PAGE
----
PMID: 18720915

[PubMed - indexed for MEDLINE]

 

7. Lymph drainage in patients with joint immobility due to chronic ulcerated lesions.

Pereira de Godoy JM, Braile DM, de Fátima Guerreiro Godoy M.

http://www.ncbi.nlm.nih.gov/pubmed/18361267

 

Source

Department of Cardiology and Vascular Surgery, São José do Rio Preto University School of Medicine, São Paulo, Brazil. godoyjmp@riopreto.com.br

Abstract

The fibrous process of chronic ulcerated lesions of lower limbs can impair the mobility of the affected limb. The aim of this work was to assess the benefits of lymph drainage in patients who suffer from this disease. Twenty female and five male patients with ages ranging from 53 to 69 years (mean age 60.6 years) were evaluated. All had a history of at least 10 years of varicose veins and/or ulcerated lesions of the lower limbs with initial dermatofibrosis, with the positive Godet sign during the physical examination of the limb. Patients with intermittent claudication, diabetes and trauma were excluded from the study, as well as patients with chronic dermatofibrosis, and in whom positive Godet sign was not seen. Patients with immobility or very limited movement of the ankle and with some limitation in the toe joints were selected. The patients were randomly divided into group A comprising 15 individuals, and group B 10. All the individual treatments were established before the start of the evaluation period. Lymph drainage was performed on the patients of group A four or five times per week. Group B was subjected to a type of massage for the same period and at the same frequency. The mobility of the ankle joints was evaluated using goniometry before the start and after 30 days of treatment. In all the patients who underwent lymph drainage, an improvement of the joint mobility was seen, whereas in the control, group B, there was no obvious change. In conclusion, lymph drainage gave an improvement in the mobility of the ankle joint after impairment due to initial dermatofibrosis in patients with chronic ulcerated lesions.

PMID: 18361267

[PubMed - indexed for MEDLINE]

 

8. Lymphedema: a comprehensive review.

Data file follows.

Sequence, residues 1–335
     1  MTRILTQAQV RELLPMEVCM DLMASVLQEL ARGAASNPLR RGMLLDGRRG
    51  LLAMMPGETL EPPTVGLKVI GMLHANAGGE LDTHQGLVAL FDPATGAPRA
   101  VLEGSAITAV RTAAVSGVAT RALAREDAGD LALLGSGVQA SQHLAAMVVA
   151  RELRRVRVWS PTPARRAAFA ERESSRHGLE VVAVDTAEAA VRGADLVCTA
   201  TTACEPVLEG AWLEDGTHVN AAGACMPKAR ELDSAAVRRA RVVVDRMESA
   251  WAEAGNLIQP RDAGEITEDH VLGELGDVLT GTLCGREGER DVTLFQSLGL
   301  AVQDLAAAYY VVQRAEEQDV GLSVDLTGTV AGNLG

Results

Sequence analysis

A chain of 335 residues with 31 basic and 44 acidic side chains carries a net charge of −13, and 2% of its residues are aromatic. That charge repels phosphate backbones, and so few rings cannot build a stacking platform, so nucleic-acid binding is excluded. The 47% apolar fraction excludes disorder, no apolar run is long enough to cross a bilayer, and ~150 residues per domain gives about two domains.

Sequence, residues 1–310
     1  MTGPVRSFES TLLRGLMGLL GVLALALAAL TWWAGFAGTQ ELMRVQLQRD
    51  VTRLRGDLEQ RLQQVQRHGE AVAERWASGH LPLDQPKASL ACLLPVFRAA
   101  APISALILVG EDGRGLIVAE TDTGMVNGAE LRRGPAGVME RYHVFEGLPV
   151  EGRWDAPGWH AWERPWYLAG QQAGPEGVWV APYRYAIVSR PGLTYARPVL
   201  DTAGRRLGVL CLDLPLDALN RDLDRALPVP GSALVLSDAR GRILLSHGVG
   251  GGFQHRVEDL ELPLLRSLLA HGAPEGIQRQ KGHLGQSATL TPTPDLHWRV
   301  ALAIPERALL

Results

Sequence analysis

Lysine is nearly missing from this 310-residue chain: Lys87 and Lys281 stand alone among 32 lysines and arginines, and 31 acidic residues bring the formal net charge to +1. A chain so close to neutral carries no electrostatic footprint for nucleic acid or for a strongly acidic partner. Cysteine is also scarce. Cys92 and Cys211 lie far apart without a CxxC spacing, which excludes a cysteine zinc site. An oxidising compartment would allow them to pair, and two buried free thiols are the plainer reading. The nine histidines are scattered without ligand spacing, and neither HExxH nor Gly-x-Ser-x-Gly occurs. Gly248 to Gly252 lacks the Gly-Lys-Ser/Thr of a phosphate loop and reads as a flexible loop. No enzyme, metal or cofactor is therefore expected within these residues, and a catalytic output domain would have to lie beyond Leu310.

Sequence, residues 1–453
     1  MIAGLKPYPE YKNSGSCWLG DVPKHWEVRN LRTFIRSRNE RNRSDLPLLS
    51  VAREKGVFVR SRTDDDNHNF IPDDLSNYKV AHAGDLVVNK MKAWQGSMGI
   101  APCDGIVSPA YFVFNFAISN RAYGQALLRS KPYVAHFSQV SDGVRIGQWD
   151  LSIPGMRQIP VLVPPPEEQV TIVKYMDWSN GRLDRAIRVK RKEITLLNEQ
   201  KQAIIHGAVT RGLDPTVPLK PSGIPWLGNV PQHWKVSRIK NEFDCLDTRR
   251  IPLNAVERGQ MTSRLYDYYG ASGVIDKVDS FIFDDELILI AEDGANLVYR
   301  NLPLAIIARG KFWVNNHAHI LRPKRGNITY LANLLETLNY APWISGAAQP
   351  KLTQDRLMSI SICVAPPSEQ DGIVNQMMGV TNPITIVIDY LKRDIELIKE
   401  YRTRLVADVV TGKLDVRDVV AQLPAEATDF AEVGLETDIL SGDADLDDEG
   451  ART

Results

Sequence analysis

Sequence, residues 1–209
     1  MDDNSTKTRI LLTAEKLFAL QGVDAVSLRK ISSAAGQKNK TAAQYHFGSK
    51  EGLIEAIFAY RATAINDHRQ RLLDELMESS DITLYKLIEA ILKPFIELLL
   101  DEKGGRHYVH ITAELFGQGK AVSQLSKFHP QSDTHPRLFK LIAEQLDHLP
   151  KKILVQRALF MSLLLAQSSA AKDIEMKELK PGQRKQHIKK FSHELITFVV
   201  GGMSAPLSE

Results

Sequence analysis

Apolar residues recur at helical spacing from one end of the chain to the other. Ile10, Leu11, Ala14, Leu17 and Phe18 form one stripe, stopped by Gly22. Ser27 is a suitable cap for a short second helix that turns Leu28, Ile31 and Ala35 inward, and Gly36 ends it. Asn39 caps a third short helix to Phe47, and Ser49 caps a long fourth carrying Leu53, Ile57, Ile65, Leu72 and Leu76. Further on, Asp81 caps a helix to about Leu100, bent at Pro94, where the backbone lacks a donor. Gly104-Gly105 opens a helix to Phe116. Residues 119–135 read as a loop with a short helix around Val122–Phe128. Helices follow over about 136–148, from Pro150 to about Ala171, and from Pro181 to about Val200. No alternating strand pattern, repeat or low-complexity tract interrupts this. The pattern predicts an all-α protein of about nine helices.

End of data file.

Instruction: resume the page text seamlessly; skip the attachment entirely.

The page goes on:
Warren AG, Brorson H, Borud LJ, Slavin SA.

http://www.ncbi.nlm.nih.gov/pubmed/17901744

 

Source

Harvard Medical School, Boston, MA, USA.

Abstract

BACKGROUND:

Lymphedema is a chronic, debilitating condition that has traditionally been seen as refractory or incurable. Recent years have brought new advances in the study of lymphedema pathophysiology, as well as diagnostic and therapeutic tools that are changing this perspective.

OBJECTIVE:

To provide a systematic approach to evaluating and managing patients with lymphedema.

METHODS:

We performed MEDLINE searches of the English-language literature (1966 to March 2006) using the terms lymphedema, breast cancer-associated lymphedema, lymphatic complications, lymphatic imaging, decongestive therapy, and surgical treatment of lymphedema. Relevant bibliographies and International Society of Lymphology guidelines were also reviewed.

RESULTS:

In the United States, the populations primarily affected by lymphedema are patients undergoing treatment of malignancy, particularly women treated for breast cancer. A thorough evaluation of patients presenting with extremity swelling should include identification of prior surgical or radiation therapy for malignancy, as well as documentation of other risk factors for lymphedema, such as prior trauma to or infection of the affected limb. Physical examination should focus on differentiating signs of lymphedema from other causes of systemic or localized swelling. Lymphatic dysfunction can be visualized through lymphoscintigraphy; the diagnosis of lymphedema can also be confirmed through other imaging modalities, including CT or MRI. The mainstay of therapy in diagnosed cases of lymphedema involves compression garment use, as well as intensive bandaging and lymphatic massage. For patients who are unresponsive to conservative therapy, several surgical options with varied proven efficacies have been used in appropriate candidates, including excisional approaches, microsurgical lymphatic anastomoses, and circumferential suction-assisted lipectomy, an approach that has shown promise for long-term relief of symptoms.